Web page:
• When the visit is over, visitors should leave the hospital and avoid spending time in public areas, including waiting areas, cafeterias and vending areas. Visitors should leave through their point of entry and report to security so the time of departure can be noted. Single use masks should be discarded upon leaving the hospital in the bins provided

  • Visitors should wash their hands with soap or use an alcohol-based hand sanitiser after using the lifts, holding railings and every time they enter or exit a patient room

  • Visitors should use a tissue and cover their mouth when they cough or sneeze, or cough or sneeze in to their elbow

 

Advice following your visit to a COVID-19 ward

We recommend that you follow the instructions below to reduce the risk of spreading COVID-19 after your visit to the hospital.

  1. Please go straight home after visiting the hospital and do not visit any homes or shops on the way.

  2. Wash your clothes in hot water and laundry detergent. If machine washing is not possible, soak your clothes in hot water and detergent. Avoid splashing by wearing rubber gloves and using a stick to stir.

  3. Wash your hands, wrists and forearms with soap and water after handling your clothes.

  4. Try to dry your clothes in a clothes dryer or hang them out to dry in full sunlight.

  5. If you start feeling unwell with cold or flu-like symptoms, please get tested for COVID-19 at your local testing centre.

 

Testing criteria

Strict criteria apply for those who are tested.

If you are unsure of whether you should get tested for COVID-19, please contact the Department of Health and Human Services hotline on 1800 675 398. Please keep Triple Zero (000) for emergencies only. 

 

What is coronavirus?

Coronaviruses are a large family of viruses that cause illness in animals or humans. These coronaviruses include the common cold and more severe diseases like the Severe Acute Respiratory Syndrome (SARS-CoV).

COVID-19 is a new form of coronavirus, which causes respiratory symptoms, similar to the flu.

Most people who have been diagnosed with COVID-19 have only experienced a mild illness and recovered, however the illness can be more severe for others, including vulnerable populations such as the elderly.

The risk of contracting COVID-19 can be reduced through proper hand hygiene, wearing a face covering, respiratory etiquette and social distancing.

 

How do I reduce my risk of contracting COVID-19?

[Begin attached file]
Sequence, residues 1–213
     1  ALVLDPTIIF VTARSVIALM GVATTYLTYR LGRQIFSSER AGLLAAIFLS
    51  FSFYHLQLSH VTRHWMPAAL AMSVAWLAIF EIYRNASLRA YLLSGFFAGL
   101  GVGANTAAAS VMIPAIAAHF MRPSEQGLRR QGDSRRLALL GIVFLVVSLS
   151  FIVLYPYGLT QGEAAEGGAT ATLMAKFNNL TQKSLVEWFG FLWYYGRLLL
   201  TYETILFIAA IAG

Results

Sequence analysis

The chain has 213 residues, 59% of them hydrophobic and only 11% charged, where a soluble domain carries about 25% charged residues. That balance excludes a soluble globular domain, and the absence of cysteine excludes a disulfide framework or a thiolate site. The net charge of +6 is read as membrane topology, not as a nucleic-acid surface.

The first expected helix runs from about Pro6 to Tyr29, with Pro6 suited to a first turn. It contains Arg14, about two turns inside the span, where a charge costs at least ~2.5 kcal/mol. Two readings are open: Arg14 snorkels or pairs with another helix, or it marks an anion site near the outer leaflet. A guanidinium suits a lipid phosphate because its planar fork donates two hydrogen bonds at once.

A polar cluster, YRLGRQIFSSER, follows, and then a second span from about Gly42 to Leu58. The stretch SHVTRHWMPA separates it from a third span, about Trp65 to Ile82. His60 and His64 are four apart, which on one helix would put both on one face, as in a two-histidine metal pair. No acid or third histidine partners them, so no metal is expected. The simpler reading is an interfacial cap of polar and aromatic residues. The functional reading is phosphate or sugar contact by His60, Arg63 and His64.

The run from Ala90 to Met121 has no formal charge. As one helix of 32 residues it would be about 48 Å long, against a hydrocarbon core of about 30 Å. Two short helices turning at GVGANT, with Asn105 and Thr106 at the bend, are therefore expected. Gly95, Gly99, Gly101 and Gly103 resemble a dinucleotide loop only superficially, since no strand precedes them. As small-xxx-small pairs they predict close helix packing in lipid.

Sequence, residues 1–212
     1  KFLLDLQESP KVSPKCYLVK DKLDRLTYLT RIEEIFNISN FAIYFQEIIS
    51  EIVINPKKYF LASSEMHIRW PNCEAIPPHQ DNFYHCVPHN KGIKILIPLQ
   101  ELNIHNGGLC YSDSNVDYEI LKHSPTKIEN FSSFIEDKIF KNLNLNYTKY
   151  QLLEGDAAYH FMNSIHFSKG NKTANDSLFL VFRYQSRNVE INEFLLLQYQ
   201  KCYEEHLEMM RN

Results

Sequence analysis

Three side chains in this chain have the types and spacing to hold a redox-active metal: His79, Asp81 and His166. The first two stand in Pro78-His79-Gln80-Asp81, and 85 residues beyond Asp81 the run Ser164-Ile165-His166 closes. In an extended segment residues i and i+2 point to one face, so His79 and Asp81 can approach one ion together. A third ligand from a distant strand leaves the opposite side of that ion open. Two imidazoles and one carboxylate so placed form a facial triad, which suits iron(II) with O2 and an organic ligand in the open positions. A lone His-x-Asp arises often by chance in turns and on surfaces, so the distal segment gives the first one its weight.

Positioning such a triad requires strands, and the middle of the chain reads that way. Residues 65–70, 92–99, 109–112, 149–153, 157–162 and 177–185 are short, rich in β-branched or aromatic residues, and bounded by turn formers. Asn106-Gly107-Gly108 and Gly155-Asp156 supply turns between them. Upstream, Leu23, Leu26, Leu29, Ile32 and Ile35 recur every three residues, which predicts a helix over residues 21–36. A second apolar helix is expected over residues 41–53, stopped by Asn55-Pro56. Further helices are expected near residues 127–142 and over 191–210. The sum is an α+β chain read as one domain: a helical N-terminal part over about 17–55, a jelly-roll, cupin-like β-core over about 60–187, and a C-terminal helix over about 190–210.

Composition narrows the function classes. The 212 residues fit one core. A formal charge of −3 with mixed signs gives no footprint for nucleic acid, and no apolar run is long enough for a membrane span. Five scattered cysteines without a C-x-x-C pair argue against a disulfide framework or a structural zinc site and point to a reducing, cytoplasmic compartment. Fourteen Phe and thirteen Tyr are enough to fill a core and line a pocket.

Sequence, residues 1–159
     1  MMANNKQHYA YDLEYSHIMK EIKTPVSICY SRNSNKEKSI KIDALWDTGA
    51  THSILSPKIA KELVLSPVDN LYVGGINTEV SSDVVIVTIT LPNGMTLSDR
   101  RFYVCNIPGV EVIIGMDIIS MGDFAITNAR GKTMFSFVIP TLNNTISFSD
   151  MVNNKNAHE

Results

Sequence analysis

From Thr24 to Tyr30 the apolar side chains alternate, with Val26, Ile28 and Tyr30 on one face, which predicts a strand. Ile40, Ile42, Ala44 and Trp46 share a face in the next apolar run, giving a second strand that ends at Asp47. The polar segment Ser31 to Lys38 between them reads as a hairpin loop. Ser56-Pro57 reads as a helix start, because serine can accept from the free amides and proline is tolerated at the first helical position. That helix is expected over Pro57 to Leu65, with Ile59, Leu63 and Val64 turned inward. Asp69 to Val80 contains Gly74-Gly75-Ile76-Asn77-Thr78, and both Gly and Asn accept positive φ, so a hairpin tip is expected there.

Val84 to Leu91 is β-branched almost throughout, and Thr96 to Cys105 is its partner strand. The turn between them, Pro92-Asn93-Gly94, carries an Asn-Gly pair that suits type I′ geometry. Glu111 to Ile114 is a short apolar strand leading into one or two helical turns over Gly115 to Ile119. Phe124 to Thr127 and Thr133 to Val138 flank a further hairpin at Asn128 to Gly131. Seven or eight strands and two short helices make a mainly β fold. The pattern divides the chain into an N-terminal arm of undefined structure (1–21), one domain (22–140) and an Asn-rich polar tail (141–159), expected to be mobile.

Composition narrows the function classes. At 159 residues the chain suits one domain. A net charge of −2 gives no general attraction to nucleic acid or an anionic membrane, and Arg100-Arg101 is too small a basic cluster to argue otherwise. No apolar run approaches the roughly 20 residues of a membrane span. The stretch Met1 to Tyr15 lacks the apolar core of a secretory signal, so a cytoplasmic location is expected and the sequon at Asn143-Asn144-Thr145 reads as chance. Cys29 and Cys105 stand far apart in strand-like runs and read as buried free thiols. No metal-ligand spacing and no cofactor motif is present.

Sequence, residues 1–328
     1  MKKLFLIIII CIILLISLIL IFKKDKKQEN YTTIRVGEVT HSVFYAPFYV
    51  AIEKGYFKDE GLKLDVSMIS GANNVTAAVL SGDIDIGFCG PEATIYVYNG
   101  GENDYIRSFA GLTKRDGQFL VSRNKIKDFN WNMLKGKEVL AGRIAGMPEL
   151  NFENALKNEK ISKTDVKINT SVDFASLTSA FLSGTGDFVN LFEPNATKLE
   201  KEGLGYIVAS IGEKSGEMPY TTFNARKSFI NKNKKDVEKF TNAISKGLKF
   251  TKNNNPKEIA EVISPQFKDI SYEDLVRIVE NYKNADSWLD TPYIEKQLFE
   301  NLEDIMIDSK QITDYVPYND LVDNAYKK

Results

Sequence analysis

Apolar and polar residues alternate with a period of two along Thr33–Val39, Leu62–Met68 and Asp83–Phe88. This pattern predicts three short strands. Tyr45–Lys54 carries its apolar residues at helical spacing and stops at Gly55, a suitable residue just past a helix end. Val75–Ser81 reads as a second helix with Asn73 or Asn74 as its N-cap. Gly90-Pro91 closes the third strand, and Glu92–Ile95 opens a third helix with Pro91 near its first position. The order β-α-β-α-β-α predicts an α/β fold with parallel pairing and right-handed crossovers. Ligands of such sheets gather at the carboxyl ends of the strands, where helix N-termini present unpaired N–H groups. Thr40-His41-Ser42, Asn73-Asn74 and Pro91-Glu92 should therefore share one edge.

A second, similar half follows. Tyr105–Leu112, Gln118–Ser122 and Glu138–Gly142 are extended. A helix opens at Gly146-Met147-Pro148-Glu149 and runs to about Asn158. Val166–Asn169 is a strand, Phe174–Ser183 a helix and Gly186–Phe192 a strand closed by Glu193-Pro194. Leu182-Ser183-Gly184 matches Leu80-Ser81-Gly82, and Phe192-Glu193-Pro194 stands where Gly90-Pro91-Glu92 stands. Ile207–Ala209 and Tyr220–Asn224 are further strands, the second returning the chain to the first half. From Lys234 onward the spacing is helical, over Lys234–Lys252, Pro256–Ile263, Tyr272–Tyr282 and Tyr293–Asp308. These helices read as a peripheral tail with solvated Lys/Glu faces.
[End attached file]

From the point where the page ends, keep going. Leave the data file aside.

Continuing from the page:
Hand hygiene and respiratory etiquette are two terms that you may have heard of when you have heard about how to reduce your risk of COVID-19. This refers to washing your hands properly and often, and using proper sneezing and coughing practices (covering your nose and mouth with a tissue or coughing or sneezing into your upper sleeve and elbow).

Here are 10 ways you can reduce your risk of getting COVID-19:

  • Wash hands often with soap and running water, for at least 20 seconds. Dry with paper towel or hand dryer.

  • Try not to touch your eyes, nose or mouth.

  • Cover your nose and mouth with a tissue when you cough or sneeze. If you don’t have a tissue cough or sneeze into your upper sleeve or elbow.

  • Isolate yourself at home if you feel sick. If you take medication ensure you have adequate supplies.

  • Phone your GP first if you need medical attention. They will tell you what to do.

  • Continue healthy habits: exercise, drink water, get plenty of sleep, and now is the time to quit smoking. Call the Quitline 137 848.

  • As per direction of the Victorian Chief Health Officer, you must wear a face covering whenever you leave your home, unless an exception applies.

  • Get the flu shot (available April).

Watch this video from the World Health Organization on how you can protect yourself and others from the coronavirus:

 


I have been told to self-isolate for 14 days. Should I attend the Hospital?

No, you should not attend the hospital.

You can read more about COVID-19 isolation on the Australian Government Department of Health website.